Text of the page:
Measured covariates

For each child the following covariates were collected: (1) sex; (2) age; (3) village of residence and (4) presence of chloroquine metabolites in urine (≥ 3 μg/ml).

Statistical procedure

The same statistical strategy was applied during the two periods. We first performed an univariate analysis to test for associations between the occurrence of MMA (yes/no), asymptomatic carriage (yes/no), and measured covariates. Pearson's chi-square and one-way analysis of variance were used for qualitative and quantitative variables respectively. When non parametric methods were required, Fisher's exact test or Kruskall-Wallis test were applied. Factors associated with asymptomatic carriage and MMA occurrence were selected at a p value < 0.15.

The delay between the systematic parasitological measurement and the appearance (or not) of a MMA during the nine following days was analysed, using survival time data procedures.
  • The Kaplan-Meier survival analysis and the Log-Rank test were used to compare incidence rates of MMA between ACs and non-carriers.

  • The Cox proportional hazards model was used to analyse the time to development of a MMA in each group, adjusted on the covariates found significant (p < 0.15) in the univariate analysis.

Survival times were estimated as follows (Figure 1): the baseline (time 0) was defined as the date of enrolment (date of systematic thick blood smear); the time to first MMA was defined as the interval between the baseline date and the MMA occurrence date. Subjects who presented no MMA during the follow-up were censored at the endpoint, at Day 9. Proportional Hazard (PH) and log-linearity hypotheses were tested. For all analyses, a p value below 0.05 was considered significant. The statistical analyses were performed using Stata v. 6.0.
Figure 1

Clinical malaria occurrences over time at the beginning of the malaria transmission season, Niakhar, 2002. § n: number of patients per day. # PI: Plasmodial Index (= ACs frequency).

Results

Study population

A total of 529 and 527 children from the original 566 were enrolled respectively at the beginning and at the end of the transmission season. The mean age (SD) of the population was 8.6 (0.15) years and the sex-ratio (male/female) was 1.35. Fifty seven per cent of children belonged to the village of Diohine and forty three percent to the village of Toucar. Children who did not attend the health centre in September (n = 37) and in November (n = 39) were significantly older than children who did. Activities such as farm work or looking after livestock may explain this difference.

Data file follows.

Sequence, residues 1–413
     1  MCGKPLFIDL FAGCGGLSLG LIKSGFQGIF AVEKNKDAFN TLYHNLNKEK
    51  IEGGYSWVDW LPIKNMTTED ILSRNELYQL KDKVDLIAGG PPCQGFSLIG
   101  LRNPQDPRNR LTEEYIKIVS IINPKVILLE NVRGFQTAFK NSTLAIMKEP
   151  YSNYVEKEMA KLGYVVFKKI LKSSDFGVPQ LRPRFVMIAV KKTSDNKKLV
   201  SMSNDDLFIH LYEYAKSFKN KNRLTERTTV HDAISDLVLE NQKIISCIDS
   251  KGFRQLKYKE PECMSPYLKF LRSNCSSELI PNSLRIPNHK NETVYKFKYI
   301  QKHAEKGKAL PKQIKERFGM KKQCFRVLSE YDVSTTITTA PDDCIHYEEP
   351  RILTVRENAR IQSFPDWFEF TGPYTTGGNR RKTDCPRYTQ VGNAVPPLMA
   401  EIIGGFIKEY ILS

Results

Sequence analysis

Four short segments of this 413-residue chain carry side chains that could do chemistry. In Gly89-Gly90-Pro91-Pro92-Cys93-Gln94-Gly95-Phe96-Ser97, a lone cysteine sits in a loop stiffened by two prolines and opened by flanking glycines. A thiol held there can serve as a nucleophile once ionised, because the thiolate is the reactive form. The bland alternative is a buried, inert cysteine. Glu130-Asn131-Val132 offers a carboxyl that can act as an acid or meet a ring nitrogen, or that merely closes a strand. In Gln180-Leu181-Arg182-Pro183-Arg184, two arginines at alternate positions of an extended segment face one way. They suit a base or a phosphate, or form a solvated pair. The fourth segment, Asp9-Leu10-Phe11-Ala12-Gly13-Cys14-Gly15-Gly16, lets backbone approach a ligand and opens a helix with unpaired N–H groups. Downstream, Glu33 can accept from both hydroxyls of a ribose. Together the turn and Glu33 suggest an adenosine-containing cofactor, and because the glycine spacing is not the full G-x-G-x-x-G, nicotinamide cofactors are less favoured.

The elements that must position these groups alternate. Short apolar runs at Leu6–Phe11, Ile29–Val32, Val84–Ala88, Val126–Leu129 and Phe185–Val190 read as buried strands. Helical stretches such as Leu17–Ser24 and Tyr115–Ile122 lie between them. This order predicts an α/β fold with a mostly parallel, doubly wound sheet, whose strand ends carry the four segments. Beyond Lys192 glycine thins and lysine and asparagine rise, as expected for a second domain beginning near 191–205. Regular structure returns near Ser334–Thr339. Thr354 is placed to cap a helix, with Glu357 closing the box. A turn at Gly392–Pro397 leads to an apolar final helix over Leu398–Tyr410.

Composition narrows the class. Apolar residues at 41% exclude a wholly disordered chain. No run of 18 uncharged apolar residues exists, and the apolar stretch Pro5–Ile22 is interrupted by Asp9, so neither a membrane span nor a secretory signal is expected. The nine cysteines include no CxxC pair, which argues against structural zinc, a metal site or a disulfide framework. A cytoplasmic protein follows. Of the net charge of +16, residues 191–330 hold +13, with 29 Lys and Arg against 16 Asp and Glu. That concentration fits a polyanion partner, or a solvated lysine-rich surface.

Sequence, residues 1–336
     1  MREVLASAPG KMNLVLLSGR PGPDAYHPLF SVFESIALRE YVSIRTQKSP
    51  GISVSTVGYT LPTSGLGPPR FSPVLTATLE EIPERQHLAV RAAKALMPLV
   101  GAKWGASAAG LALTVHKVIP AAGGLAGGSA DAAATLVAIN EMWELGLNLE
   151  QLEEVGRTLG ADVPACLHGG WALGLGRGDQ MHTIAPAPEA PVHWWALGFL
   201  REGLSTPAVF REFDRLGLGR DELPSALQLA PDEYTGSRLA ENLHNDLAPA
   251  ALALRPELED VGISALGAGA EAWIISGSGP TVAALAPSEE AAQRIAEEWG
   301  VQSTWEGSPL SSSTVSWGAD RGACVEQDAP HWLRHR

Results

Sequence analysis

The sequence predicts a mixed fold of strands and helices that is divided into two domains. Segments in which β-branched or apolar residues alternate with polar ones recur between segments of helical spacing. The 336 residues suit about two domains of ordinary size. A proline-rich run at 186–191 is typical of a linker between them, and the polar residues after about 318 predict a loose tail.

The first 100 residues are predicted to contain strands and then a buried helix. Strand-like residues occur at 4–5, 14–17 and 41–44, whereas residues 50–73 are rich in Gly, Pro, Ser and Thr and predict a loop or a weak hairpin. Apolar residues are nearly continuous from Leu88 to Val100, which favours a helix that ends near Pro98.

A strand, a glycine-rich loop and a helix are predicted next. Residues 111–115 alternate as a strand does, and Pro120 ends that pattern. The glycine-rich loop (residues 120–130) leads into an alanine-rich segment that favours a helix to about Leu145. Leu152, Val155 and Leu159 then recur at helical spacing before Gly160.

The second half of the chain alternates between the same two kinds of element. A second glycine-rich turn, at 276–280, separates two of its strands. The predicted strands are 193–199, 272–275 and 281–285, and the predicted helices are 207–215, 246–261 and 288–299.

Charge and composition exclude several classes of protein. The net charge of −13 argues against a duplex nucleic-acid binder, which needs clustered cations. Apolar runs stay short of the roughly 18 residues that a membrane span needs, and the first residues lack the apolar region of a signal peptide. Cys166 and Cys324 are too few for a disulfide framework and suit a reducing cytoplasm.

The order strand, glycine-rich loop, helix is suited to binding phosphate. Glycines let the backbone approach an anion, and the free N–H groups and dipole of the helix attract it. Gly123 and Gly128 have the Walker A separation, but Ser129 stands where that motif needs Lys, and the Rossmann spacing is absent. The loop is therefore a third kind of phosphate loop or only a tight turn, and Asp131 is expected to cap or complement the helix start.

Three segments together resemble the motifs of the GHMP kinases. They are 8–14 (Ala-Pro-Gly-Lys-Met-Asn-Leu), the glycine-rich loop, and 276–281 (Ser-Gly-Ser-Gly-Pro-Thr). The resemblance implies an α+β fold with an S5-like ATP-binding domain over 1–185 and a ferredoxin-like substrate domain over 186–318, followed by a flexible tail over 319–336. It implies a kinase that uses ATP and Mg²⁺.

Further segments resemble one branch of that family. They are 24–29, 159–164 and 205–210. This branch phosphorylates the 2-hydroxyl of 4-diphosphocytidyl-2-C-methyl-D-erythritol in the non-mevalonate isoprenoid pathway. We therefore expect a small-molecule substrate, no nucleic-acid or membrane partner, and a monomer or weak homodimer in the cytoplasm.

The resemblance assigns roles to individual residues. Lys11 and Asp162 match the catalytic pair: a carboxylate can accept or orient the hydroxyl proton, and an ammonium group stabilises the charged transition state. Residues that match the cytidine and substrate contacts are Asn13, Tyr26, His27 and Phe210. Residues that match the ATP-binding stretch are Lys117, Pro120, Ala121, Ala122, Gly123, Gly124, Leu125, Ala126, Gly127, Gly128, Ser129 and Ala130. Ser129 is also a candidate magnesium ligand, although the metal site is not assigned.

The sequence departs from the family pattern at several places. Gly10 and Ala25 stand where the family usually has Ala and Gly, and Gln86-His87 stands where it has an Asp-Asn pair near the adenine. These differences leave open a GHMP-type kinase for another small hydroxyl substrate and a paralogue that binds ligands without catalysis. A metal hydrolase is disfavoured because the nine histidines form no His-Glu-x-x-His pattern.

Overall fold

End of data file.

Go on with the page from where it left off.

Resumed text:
Beginning of the transmission season

In September, 27.8% (147/529) of the children were asymptomatic carriers (Figure 1). The mean parasite density was 7,169.4 parasites/μl of blood (SD = 34943.8). No differences on mean parasite density according to the day of enrolment were observed (p = 0.73). Plasmodial index varied from one day to another (p < 10-3), bur without any particular trend of increase. The proportion of AC did not differ (p > 0.70) between children with CQ metabolites in their urine (9/36; 25%) and others (129/468; 27.6%). No child was lost to follow-up. During the nine following days, 2.3% (12/529) of the whole group presented a MMA, i.e. 5.4% (8/147) of the ACs and 1.0% (4/382) of the non carriers. The mean parasite density was 34,243.3 parasites/μl of blood (SD = 31,460.6), extremes values going from 4,040 to 108,800 parasites/μl of blood. The information concerning the use of impregnated bednets was collected. It appears that 7.52% of asymptomatic carriers reported the use of these bednets, vs 5.38% among non carriers, p = 0.624. All children who presented a mild malaria attack were not sleeping under impregnated bednets (unknown data for 2 children in this group). Information concerning the treatment delivered in the area by the dispensaries during the study was collected by our team and we didn't notice differences among villages.

Association between asymptomatic carriage and MMA occurrence